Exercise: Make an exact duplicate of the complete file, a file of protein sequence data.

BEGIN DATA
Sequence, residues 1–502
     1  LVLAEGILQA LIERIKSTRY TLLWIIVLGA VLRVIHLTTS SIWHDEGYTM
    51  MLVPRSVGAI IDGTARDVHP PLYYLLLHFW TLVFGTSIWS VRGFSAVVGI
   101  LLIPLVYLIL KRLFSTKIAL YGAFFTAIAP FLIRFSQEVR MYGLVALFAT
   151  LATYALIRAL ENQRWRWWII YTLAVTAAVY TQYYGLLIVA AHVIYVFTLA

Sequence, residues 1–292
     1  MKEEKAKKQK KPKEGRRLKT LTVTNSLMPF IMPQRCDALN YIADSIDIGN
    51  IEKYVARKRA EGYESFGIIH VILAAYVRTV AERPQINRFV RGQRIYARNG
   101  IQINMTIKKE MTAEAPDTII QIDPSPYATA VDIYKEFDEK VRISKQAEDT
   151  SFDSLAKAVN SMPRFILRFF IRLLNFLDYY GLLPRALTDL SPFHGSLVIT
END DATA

Sequence, residues 1–502
     1  LVLAEGILQA LIERIKSTRY TLLWIIVLGA VLRVIHLTTS SIWHDEGYTM
    51  MLVPRSVGAI IDGTARDVHP PLYYLLLHFW TLVFGTSIWS VRGFSAVVGI
   101  LLIPLVYLIL KRLFSTKIAL YGAFFTAIAP FLIRFSQEVR MYGLVALFAT
   151  LATYALIRAL ENQRWRWWII YTLAVTAAVY TQYYGLLIVA AHVIYVFTLA

Sequence, residues 1–292
     1  MKEEKAKKQK KPKEGRRLKT LTVTNSLMPF IMPQRCDALN YIADSIDIGN
    51  IEKYVARKRA EGYESFGIIH VILAAYVRTV AERPQINRFV RGQRIYARNG
   101  IQINMTIKKE MTAEAPDTII QIDPSPYATA VDIYKEFDEK VRISKQAEDT
   151  SFDSLAKAVN SMPRFILRFF IRLLNFLDYY GLLPRALTDL SPFHGSLVIT